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Design for Additive Manufacturing: Towards End-Part Production Web Seminar RePlay PD331705

Newly Released!

Additive manufacturing (AM), with origins in the 1980s, has only more recently emerged as a manufacturing process of choice for functional part production, adding to the suite of choices a designer has available when designing a part for manufacturing. Like other traditional processes like casting and machining, AM has its set of constraints. An added layer of complexity comes from the fact that there are several different AM processes, and some of the design constraints are process-specific. On the other hand, AM offers a range of opportunities in design freedom and mass customization as well as in cost and lead time reduction in some cases. Today, it is essential for designers to embrace AM as a possible manufacturing method to ensure their products are competitive and also to unlock the design innovation that AM enables.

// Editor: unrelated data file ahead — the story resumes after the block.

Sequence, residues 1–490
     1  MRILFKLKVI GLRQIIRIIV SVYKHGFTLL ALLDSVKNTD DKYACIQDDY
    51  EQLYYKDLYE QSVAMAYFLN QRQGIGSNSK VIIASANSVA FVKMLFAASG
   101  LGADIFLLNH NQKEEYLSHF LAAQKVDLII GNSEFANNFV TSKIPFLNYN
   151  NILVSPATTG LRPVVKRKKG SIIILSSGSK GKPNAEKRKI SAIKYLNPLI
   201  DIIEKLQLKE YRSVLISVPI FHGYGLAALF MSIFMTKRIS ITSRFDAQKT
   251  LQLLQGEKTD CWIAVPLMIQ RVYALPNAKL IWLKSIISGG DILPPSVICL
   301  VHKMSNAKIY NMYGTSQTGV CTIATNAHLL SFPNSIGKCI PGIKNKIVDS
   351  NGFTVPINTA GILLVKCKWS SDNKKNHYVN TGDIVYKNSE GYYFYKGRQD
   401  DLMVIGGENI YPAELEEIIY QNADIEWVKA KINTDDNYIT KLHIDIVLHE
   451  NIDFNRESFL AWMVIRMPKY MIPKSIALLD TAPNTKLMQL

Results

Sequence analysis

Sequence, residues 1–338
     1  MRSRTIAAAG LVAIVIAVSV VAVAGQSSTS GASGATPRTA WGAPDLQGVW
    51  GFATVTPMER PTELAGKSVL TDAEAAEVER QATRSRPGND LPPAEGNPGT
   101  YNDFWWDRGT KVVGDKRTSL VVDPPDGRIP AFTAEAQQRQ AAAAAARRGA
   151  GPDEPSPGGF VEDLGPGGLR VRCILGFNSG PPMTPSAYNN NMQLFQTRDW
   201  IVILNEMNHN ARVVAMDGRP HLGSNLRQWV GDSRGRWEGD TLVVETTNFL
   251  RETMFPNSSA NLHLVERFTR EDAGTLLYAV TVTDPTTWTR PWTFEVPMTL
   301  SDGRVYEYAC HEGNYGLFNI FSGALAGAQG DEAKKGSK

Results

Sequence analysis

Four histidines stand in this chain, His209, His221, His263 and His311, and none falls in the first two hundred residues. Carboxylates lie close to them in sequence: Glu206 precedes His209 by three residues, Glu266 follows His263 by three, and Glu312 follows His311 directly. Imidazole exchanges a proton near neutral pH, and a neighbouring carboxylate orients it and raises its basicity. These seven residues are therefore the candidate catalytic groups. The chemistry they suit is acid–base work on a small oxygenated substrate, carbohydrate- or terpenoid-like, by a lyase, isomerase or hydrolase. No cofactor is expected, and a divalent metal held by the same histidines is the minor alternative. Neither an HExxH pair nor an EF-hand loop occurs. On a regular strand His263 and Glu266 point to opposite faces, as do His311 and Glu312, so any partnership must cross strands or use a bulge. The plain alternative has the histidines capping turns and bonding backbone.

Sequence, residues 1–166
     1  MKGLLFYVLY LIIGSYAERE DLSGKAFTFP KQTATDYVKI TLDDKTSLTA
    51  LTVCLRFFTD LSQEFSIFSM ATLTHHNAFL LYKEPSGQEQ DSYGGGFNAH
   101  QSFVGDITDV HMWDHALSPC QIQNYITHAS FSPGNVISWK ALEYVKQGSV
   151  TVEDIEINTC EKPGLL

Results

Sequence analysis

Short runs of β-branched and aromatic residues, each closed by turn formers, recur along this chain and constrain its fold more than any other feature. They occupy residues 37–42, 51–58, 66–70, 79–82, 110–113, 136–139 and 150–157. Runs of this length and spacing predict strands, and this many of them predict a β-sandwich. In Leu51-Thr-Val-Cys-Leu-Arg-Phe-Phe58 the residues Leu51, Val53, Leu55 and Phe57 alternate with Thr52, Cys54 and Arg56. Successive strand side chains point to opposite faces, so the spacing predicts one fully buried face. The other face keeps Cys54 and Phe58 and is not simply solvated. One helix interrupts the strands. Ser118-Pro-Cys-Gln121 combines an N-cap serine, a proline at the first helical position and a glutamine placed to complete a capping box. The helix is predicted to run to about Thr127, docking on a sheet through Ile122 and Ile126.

The goal of this 10-hour course is to give designers the information needed to start designing for AM at all levels - identifying and justifying use of AM technology for a particular part, selecting the right process and material for the application and ensuring it is designed with the advantages and considerations of AM in mind. The course is not intended to serve as a software-training class or as a deep dive into any specific AM process, but rather to draw connections between design and AM from a designer"s perspective.

Objectives

By participating in this course, you will be able to: